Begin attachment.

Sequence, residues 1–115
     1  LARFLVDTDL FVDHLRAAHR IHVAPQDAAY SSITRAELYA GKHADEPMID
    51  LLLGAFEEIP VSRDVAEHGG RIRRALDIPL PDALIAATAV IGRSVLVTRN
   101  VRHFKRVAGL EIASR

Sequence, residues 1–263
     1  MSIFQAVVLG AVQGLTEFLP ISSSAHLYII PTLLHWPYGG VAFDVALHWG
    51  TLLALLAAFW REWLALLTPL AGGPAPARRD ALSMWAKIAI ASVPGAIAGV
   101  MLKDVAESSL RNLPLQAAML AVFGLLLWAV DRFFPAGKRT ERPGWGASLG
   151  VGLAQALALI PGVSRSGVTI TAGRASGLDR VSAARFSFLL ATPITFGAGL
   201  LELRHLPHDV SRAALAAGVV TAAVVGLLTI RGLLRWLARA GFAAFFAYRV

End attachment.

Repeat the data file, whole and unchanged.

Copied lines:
Sequence, residues 1–115
     1  LARFLVDTDL FVDHLRAAHR IHVAPQDAAY SSITRAELYA GKHADEPMID
    51  LLLGAFEEIP VSRDVAEHGG RIRRALDIPL PDALIAATAV IGRSVLVTRN
   101  VRHFKRVAGL EIASR

Sequence, residues 1–263
     1  MSIFQAVVLG AVQGLTEFLP ISSSAHLYII PTLLHWPYGG VAFDVALHWG
    51  TLLALLAAFW REWLALLTPL AGGPAPARRD ALSMWAKIAI ASVPGAIAGV
   101  MLKDVAESSL RNLPLQAAML AVFGLLLWAV DRFFPAGKRT ERPGWGASLG
   151  VGLAQALALI PGVSRSGVTI TAGRASGLDR VSAARFSFLL ATPITFGAGL
   201  LELRHLPHDV SRAALAAGVV TAAVVGLLTI RGLLRWLARA GFAAFFAYRV